State agency Projects Malta has been ordered by a court to divulge the names of the members who sat on the evaluation committee of the hospitals' concession agreement, awarded to Vitals Global Healthcare.

The judgment brought to an end a two-year saga which started in April 2018 when Times of Malta journalist Jacob Borg had been denied the information, requested under the Freedom of Information Act.

Meanwhile, hours before the judgment was delivered, some of the names of committee members emerged during separate court proceedings related to the public inquiry into the murder of journalist Daphne Caruana Galizia.

It transpired that the committee was presided by Projects Malta chairman James Camenzuli, while Robert Borg and Manuel Castagna were among the other members and focused on the financial analysis of the bidders.

Camenzuli testified that the committee met about 10 times and that two of the three bidders were disqualified as they were deemed not to be compliant due to missing bid bonds and documentation. That left VGH as the sole bidder.

Contract awarded in 2017

The contract in question had been awarded in 2017 when VGH had been granted a 30-year concession to run St Luke’s Hospital, Karin Grech and Gozo General Hospital.  In return, they were to receive around €50 million per year from taxpayers’ money.

Questions had immediately been raised about the transparency of the adjudication process which fell under the responsibility of then Minister Konrad Mizzi, as well as the fact that VGH had no experience whatsoever in the medical sector.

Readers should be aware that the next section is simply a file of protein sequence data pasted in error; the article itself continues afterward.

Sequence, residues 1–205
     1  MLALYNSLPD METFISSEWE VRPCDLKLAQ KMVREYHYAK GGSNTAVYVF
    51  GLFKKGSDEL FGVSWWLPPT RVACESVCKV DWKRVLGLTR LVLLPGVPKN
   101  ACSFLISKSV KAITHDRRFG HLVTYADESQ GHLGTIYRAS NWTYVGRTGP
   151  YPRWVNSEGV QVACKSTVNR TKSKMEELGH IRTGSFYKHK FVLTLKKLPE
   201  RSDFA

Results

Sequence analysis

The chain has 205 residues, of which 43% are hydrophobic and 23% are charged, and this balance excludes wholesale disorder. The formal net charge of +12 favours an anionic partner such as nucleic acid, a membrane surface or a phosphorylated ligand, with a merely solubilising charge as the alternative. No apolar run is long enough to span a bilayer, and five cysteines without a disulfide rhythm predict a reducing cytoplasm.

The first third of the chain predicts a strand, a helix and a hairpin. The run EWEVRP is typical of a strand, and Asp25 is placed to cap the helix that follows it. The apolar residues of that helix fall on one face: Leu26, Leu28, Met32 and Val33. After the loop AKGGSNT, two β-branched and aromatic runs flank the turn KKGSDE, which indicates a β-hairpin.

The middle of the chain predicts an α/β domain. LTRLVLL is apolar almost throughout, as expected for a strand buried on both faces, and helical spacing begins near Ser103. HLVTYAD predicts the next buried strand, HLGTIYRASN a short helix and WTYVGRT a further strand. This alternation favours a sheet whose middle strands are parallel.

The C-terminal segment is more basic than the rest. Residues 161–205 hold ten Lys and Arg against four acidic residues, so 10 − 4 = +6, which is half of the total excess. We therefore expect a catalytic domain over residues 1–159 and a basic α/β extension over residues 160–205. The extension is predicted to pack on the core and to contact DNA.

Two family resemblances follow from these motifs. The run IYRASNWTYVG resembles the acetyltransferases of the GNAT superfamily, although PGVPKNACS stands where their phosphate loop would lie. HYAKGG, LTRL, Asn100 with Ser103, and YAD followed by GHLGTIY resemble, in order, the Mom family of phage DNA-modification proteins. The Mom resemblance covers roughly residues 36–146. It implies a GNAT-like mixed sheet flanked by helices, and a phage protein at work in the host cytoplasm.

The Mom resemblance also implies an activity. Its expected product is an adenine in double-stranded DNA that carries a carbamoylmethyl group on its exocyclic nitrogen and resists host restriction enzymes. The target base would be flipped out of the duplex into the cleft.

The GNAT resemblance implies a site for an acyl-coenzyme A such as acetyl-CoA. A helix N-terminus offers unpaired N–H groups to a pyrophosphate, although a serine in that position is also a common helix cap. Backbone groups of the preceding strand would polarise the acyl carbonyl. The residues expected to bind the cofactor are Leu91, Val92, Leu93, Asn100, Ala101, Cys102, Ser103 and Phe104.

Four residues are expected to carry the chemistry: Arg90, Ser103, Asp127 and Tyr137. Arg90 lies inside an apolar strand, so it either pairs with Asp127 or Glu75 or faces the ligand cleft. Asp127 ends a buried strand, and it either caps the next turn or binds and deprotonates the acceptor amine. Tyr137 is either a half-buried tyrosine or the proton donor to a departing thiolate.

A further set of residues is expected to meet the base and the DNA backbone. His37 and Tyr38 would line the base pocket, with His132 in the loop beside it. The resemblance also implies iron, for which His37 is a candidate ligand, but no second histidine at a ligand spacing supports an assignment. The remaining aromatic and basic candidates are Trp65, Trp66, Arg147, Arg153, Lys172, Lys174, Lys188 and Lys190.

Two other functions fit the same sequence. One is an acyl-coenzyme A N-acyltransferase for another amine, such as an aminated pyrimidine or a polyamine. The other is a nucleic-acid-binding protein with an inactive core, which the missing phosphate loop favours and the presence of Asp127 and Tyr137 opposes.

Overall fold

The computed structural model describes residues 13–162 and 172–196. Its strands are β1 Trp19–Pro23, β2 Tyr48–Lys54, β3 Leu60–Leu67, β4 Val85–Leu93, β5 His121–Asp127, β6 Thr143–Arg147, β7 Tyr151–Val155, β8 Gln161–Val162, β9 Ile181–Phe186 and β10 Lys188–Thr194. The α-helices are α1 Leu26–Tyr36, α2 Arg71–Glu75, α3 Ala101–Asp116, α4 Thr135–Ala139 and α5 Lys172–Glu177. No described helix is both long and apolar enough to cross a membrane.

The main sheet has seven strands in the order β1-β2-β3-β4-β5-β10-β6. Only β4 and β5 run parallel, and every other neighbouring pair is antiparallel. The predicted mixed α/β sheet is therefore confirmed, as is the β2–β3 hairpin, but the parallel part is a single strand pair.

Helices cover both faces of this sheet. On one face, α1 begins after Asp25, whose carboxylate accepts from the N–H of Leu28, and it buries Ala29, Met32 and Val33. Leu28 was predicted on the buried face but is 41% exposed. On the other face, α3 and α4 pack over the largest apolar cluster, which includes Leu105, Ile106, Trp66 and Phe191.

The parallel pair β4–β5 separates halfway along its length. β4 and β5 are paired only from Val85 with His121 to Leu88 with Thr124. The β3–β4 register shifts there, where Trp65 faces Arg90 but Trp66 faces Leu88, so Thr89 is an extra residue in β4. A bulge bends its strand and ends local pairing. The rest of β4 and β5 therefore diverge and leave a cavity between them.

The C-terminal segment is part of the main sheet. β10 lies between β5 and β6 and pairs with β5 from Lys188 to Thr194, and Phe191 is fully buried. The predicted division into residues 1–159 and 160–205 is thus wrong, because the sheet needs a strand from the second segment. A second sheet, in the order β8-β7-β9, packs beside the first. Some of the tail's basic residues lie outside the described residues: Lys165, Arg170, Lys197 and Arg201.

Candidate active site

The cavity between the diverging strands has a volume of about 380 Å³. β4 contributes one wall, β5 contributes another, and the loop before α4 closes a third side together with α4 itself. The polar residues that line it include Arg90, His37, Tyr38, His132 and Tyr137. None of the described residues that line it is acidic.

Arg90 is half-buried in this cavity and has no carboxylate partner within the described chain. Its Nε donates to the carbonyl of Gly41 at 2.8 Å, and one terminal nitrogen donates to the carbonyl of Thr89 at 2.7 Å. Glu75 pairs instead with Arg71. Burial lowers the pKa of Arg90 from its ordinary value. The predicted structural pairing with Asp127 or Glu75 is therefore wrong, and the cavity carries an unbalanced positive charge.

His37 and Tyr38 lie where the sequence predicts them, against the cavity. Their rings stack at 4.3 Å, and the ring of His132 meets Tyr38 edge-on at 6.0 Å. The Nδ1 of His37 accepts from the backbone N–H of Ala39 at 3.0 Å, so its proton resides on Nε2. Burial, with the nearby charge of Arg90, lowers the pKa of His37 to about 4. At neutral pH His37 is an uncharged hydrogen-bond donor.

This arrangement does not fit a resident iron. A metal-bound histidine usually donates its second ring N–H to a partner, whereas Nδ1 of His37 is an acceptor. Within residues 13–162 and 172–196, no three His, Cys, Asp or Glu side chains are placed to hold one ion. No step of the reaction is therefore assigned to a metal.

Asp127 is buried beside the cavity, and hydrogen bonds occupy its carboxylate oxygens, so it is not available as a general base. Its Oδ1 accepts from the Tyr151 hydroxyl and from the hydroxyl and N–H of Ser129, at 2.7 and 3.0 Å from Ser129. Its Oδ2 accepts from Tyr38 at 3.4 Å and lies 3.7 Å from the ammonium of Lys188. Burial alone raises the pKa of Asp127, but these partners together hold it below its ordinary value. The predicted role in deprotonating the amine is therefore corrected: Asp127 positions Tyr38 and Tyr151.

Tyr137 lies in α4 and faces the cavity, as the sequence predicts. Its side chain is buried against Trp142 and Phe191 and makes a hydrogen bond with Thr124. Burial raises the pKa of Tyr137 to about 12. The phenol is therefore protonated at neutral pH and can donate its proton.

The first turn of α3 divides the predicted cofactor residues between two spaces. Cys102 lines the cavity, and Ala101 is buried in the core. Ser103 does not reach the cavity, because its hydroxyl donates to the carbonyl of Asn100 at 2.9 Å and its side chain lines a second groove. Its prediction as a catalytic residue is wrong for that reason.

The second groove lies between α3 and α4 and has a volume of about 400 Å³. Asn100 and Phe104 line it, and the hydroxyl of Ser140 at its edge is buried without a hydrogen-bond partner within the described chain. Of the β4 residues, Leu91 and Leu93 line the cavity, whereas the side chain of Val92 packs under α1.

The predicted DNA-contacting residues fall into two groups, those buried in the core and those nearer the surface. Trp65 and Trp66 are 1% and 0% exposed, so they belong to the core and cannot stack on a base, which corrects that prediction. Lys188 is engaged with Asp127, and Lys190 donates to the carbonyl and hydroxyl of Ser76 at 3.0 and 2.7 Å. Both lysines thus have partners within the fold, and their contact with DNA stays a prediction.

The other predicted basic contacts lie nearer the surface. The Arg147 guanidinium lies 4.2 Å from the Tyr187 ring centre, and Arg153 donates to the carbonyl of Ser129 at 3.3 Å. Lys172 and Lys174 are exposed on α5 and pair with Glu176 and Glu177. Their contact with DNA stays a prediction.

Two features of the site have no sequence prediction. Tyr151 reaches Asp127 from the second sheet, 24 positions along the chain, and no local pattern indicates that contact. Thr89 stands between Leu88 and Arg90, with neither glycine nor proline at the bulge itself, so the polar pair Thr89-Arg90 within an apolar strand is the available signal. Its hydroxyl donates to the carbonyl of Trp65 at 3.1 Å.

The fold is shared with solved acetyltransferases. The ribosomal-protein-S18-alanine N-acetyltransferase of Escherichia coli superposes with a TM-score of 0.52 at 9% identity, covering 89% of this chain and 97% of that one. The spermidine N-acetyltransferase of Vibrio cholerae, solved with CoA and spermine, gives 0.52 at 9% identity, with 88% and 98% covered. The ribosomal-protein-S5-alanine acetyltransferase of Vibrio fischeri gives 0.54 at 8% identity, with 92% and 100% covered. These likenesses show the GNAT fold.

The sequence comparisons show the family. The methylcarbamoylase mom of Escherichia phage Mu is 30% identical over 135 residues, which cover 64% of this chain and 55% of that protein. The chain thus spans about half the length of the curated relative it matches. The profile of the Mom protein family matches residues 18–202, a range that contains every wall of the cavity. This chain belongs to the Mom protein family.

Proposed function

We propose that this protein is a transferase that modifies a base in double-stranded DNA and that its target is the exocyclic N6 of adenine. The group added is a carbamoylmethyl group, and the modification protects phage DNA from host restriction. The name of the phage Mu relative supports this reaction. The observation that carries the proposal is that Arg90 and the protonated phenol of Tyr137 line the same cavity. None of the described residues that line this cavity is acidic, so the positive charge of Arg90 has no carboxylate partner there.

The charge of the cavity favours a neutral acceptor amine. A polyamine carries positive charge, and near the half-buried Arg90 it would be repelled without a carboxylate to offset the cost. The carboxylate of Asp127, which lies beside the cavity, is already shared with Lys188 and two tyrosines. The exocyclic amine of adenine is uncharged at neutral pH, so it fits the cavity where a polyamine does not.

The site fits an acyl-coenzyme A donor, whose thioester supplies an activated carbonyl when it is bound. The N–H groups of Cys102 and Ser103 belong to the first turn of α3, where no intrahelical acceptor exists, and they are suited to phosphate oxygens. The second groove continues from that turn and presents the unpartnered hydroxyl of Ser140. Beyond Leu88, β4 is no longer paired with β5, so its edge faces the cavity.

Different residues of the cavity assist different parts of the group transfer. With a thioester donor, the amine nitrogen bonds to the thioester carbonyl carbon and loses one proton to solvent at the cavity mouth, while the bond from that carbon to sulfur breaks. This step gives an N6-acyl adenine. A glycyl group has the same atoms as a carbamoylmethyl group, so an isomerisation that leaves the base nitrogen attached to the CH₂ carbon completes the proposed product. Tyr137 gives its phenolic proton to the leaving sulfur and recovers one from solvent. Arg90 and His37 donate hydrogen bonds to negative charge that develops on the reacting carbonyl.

Moreover, a series of contractual obligations to invest in new medical facilities were not honoured by VGH, which transferred its concession to US Group Steward HealthCare at the end of 2017.

In July, an investigation by the National Audit Office concluded that VGH should have been disqualified from bidding because of “collusive behaviour” with the government through a secret agreement made before the tender had been even issued. A month earlier, Mizzi had been expelled from the Labour Party over another controversial deal - a windfarm project in Montenegro

Publishing names poses no threat to privacy

In its decision, an appeals court presided by Judge Lawrence Mintoff noted that divulging the names of the members would not pose a threat to the privacy of the individuals concerned. On the contrary, such information was required, proportional and justified in the public interest with respect to the Freedom of Information Act.

It was also pointed out that such information could not, in any way, jeopardise the adjudication process for the simple reason that it had been concluded.

During proceedings, Times of Malta had argued that in its role of public watchdog it was bound to investigate and ensure that public contracts were being awarded as a result of a transparent process. Consequently, it needed to have the required information to be able to scrutinise the process.

Timeline of events

    • April 6, 2018 - Projects Malta denies Times of Malta's request for the names of evaluation committee members on grounds that no specific document had been requested.
    • May 2, 2018 - Times of Malta seeks redress before the Data Protection Commissioner saying the refusal went against the spirit of the law and was something which could be easily acquiesced. However, Projects Malta insists such information was “personal” and consequently could not be divulged.
    • July 30, 2018 - Data Commissioner rules that the refusal by Projects Malta is justified.
    • August 16, 2018 - Times of Malta challenges the decision before the Data Protection Appeals Tribunal.
    • March 26, 2019 - Tribunal rejects appeal and Times of Malta seeks redress before an appeals court.
    • September 2, 2020 – Court overturns decision ordering Project Malta to give the requested information.


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